A BACH­E­LOR IN PAR­ADISE

Jeremy Freed says The Bach­e­lor is a lie, but it did teach him a few things about re­la­tion­ships.

ELLE (Canada) - - Relationship -

BY LAST WIN­TER, I HAD BE­GUN TO SUS­PECT

that I’d never find true love. I was 34, had been dat­ing con­tin­u­ally since I was 24 and had largely been un­able to make a re­la­tion­ship last for more than a few months. I would start see­ing some­one, be­come in­fat­u­ated and then, re­al­iz­ing that this per­son wasn’t per­fect in ev­ery imag­in­able way, break it off abruptly.

Maybe re­la­tion­ships of the long-term monog­a­mous kind—the kind that lead to mar­riage, joint pet own­er­ship and shared mort­gage pay­ments— aren’t for me, I mused. Or per­haps the ver­sion of love we’ve all been spoon-fed via fairy tales and Kate Hud­son rom­coms sim­ply doesn’t ex­ist—it’s just a lie in­vented by Hol­ly­wood and the Wed­ding In­dus­trial Com­plex to sell us movie tick­ets, di­a­mond rings (which, I take ev­ery op­por­tu­nity to point out, are a scam in­vented by di­a­mond com­pa­nies) and over­priced hors d’oeu­vres. I was a lot of fun at wed­dings, as you can imag­ine.

Then I met Anne. She was smart and kind, equally ex­cited about binge­ing on na­chos and go­ing to the opera and laughed sin­cerely at my dad jokes. When she outed her­self as a fan of The Bach­e­lor, I sup­pressed my knee-jerk re­ac­tion of end­ing things then and there. (Poor taste in en­ter­tain­ment had al­ways been a deal breaker for me.)

I had al­ways viewed reality TV as one of the har­bin­gers of the de­cline of hu­man­ity and, as such, had never seen an episode. But I liked Anne. And, to be hon­est, I was cu­ri­ous. De­spite all the sto­ries I’d heard about ugly cries in the backs of limos, beach sex and shade throw­ing, it also ap­peared that, for some peo­ple, this was a sin­cere quest to find “the one.” So I watched it.

Within a few weeks of that first episode, Anne and I had not only made a stand­ing Mon­day-night dou­ble date with host Chris Har­ri­son but were also plac­ing bets on Ju­bilee ver­sus Caila for the fi­nal four and shar­ing recipes for Bach­e­lor- themed pizza roses. (Yup, pizza in the shape of a rose is a thing. Google it.)

Was The Bach­e­lor to me the TV equiv­a­lent of a pim­ple-pop­ping video on YouTube—I just couldn’t look away? Or was I drawn to it be­cause it em­bod­ies that search for the per­fect one-in-a-mil­lion Tina Fey-meets-Bey­oncé mate that I my­self had un­der­taken for so long? The ob­vi­ous short­com­ings of the se­ries aside (and there are many, from its het­eronor­ma­tive premise to a cast with the racial di­ver­sity of a Tay­lor Swift con­cert to the “rich Prince Charm­ing meets con­ven­tion­ally beau­ti­ful princess and they live hap­pily ever af­ter” for­mat), The Bach­e­lor felt fa­mil­iar be­cause it was.

Media critic Jen­nifer L. Pozner, who wrote Reality Bites Back: The Trou­bling Truth About Guilty Plea­sure TV, says the show draws us in with the sac­cha­rine and sim­pli­fied ro­man­tic sto­ry­line that we’ve been told since we were lit­tle. “All this stuff is fairy-tale lan­guage from our child­hood,” she says. “And in that way, it can be seen as com­fort­ing.”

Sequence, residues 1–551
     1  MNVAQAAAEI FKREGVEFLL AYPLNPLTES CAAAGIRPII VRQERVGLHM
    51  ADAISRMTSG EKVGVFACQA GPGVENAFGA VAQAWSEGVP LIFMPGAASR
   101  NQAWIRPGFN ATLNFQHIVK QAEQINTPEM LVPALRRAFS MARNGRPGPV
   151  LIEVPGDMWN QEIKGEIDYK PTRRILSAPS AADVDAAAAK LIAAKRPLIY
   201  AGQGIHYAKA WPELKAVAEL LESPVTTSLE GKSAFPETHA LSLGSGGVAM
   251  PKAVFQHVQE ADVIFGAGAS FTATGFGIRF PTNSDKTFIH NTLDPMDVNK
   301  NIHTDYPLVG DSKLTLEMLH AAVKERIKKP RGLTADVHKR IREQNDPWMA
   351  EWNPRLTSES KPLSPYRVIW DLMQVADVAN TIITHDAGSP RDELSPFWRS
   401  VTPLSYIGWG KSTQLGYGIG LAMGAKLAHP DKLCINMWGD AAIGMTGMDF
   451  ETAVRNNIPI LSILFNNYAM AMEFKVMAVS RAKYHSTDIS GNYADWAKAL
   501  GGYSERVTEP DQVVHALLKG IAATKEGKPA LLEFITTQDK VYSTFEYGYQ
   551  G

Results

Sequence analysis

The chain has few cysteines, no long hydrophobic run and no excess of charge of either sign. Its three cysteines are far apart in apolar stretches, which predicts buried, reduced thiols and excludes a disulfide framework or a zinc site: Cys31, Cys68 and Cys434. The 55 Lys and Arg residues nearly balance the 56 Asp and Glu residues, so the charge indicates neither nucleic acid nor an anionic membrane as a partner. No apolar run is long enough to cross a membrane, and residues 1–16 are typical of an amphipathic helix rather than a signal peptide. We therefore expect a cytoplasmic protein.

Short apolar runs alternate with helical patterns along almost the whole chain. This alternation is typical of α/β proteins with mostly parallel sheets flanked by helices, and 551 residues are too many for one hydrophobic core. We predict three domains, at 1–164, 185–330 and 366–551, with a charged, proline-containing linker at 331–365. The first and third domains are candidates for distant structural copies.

Not to men­tion that the ac­tual dat­ing ex­pe­ri­ences on the show mim­icked some of my own. Swap the Bach­e­lor man­sion for Tin­der and a white-sand beach for a trendy dive bar and you’ve got the last few years of my life, give or take a few he­li­copter rides. This isn’t an ac­ci­dent. At its most ba­sic level, The Bach­e­lor’s formula is much like most real-world re­la­tion­ships: You pick one per­son from many, you feel some­thing for him or her that you don’t for oth­ers, you fight van­ity and in­se­cu­rity to see some­one for who they are and you try to move for­ward to­gether to­ward a shared fu­ture. What the show leaves out (along with the in­con­ve­nient re­al­i­ties of credit-card debt, body fat and po­lit­i­cal views) are the things about peo­ple and re­la­tion­ships that don’t ad­here to a script—which is pretty much ev­ery­thing.

Anne and I have now been to­gether a year, and two im­por­tant things have hap­pened as a re­sult. The first is that I’ve watched a sea­son of The Bach­e­lor, The Bach­e­lorette, Bach­e­lor in Par­adise and more af­ter-shows than I can count.

The se­cond is that I’ve re­al­ized that I don’t want a fairy-tale ro­mance. Anne isn’t per­fect, but I’m cer­tainly not ei­ther—far from it. For me, the dif­fer­ence be­tween this re­la­tion­ship and all the ones that came be­fore it is that I want to know her for who she is and our part­ner­ship for what it is, im­per­fec­tions and all. We’ve never had din­ner in a French château, but we did once spend a lovely week­end to­gether in Pittsburgh. I still think di­a­mond rings are a scam—sorry, Neil Lane—but my thoughts re­gard­ing my prospects for mar­riage and joint pet own­er­ship have changed sig­nif­i­cantly, so I might yet come around.

The only red rose I’ll ever buy for Anne, though, is one made out of pizza. For­tu­nately, she’s into that sort of thing. n

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